1 Consumer Financial to Buy, 2 to Avoid

David is a member of The Motley Fool Blog Network -- entries represent the personal opinion of the blogger and are not formally edited.

It's no secret that the economy has been growing at a sluggish rate. This has led several economists to argue that a double dip could happen. But, if you are as bullish on the economy as I am, it is now an ideal time to buy consumer financials off of these fears. 

Amex (NYSE: AXP): Growth Continues Despite Macro Challenges

With the economy performing better than economic forecasts in recent months, it should not be surprising that Amex outperformed the S&P 500 by ~625 bps with a return of 18.4%. It now trades at a respective 12.9x and 11.8x past and forward earnings and is forecasted for 10.3% annual EPS growth over the next five years. For comparison, consider that the 5-year average PE multiple on the stock is 14.7x. Analysts are still on the fence about the stock and rate it around a "hold."

Perhaps the pessimism stems from weak operational performance in recent quarters. 3Q12 results featured an annual decline in EBIT as domestic card services fell 5% and cardmember spending growth decelerated 200 bps to 5%. However, billed business was up 6% sequentially and cardmember loan growth has inched towards the peak levels seen in 4Q07. Plus, management is optimistic about growing EPS in the next quarter even without settlement payments, depressed reserve releases, and a weak European economy.

I am further optimistic about the company's partnership with Wal-Mart in offering consumers the ability to pay bills through mobile devices without even using a debit or checking account. This will not only mitigate headwinds from financial reform but also help build greater demand among low-income consumers. While this transitions Amex from more of a premium brand into a commoditized name, I believe this is for the better: Whatever part of Amex's market it loses, it will be more than offset by lower risk from greater market diversification.

Visa (NYSE: V) & Mastercard (NYSE: MA) Both too Expensive to Justify an Investment

Mastercard nevertheless had a more indisputably strong quarter with EPS of $6.17 coming out $0.24 ahead of consensus despite a weak 5% y-o-y growth in revenue. Adjusting for FX headwinds, growth was 10%. Over the last six months, however, it has been virtually flat while competitor Visa has appreciated by 12.3%. Visa, in fact, is near its 52-week high after gaining 56.5% from its 52-week low. Analysts are nevertheless about equally bullish on both stocks, rating them around a "buy."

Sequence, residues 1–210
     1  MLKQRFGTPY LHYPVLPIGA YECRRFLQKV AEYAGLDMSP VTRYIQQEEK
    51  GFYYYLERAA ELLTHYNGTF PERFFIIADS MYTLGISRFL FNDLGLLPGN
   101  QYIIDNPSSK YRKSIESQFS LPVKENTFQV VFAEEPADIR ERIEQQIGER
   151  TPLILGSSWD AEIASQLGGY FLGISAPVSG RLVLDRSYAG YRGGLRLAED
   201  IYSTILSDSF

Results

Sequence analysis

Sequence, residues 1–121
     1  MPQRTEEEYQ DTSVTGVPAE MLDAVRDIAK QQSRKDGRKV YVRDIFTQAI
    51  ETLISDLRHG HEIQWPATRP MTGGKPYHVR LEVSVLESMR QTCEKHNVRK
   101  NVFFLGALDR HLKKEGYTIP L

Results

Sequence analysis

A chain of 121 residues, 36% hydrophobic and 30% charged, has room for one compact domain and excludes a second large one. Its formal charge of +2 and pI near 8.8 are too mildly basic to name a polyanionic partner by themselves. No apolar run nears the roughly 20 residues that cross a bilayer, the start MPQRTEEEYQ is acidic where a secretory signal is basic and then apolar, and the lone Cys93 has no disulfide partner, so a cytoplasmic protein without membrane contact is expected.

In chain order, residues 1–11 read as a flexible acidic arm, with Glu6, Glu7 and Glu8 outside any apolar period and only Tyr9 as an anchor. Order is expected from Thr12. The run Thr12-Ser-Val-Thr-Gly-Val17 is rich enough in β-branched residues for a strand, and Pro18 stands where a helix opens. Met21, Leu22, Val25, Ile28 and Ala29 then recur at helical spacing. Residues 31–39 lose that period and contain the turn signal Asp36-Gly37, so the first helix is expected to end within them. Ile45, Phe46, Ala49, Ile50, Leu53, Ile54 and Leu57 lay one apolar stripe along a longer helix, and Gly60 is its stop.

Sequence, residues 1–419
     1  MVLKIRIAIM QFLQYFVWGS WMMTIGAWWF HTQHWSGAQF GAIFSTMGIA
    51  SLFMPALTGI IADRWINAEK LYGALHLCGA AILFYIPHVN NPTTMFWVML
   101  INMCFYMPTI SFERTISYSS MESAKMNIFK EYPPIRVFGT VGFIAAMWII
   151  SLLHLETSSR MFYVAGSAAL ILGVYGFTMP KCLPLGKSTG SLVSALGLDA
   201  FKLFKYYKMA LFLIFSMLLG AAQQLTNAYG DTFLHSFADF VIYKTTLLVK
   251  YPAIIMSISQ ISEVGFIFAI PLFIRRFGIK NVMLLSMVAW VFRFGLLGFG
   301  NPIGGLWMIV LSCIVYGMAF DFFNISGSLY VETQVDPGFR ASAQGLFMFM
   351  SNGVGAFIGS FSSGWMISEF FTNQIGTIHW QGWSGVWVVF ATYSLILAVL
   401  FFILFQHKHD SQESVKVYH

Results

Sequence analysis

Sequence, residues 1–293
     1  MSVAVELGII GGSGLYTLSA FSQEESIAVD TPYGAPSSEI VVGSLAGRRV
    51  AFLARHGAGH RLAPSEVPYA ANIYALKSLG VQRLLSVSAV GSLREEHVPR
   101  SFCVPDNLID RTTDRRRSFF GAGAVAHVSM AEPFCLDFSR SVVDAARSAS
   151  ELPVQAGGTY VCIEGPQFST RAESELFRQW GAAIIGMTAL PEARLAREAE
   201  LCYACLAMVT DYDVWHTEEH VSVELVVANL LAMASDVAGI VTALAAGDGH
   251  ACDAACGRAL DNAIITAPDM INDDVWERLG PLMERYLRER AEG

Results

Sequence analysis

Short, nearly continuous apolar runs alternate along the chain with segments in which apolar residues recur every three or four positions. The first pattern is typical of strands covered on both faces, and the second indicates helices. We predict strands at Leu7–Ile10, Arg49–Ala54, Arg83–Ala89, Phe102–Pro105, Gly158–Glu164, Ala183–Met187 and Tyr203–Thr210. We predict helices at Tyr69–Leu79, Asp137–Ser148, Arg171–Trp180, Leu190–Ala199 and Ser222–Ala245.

Mastercard's management still cites improving consumer confidence that pushed consumer expenditures higher. And, even in Europe, processed transaction and volume growth has still continued. If the company is able to achieve its net revenue CAGR target of 11-14% over the next three years, it will offset the impact from multiples compression as investors head over to cheaper stocks during a full recovery.

This brings me to my last point: the price tag. Visa and Mastercard are expensive at 19.3x and 19.9x forward earnings, respectively, which is quite expensive in light of the double-digit growth forecast for Amex. Accordingly, I recommend holding out and preferentially buying Amex - a much cheaper alternative for similar growth.


TakeoverAnalyst has no positions in the stocks mentioned above. The Motley Fool owns shares of MasterCard. Motley Fool newsletter services recommend American Express Company and Visa. Try any of our Foolish newsletter services free for 30 days. We Fools may not all hold the same opinions, but we all believe that considering a diverse range of insights makes us better investors. The Motley Fool has a disclosure policy.If you have questions about this post or the Fool’s blog network, click here for information.

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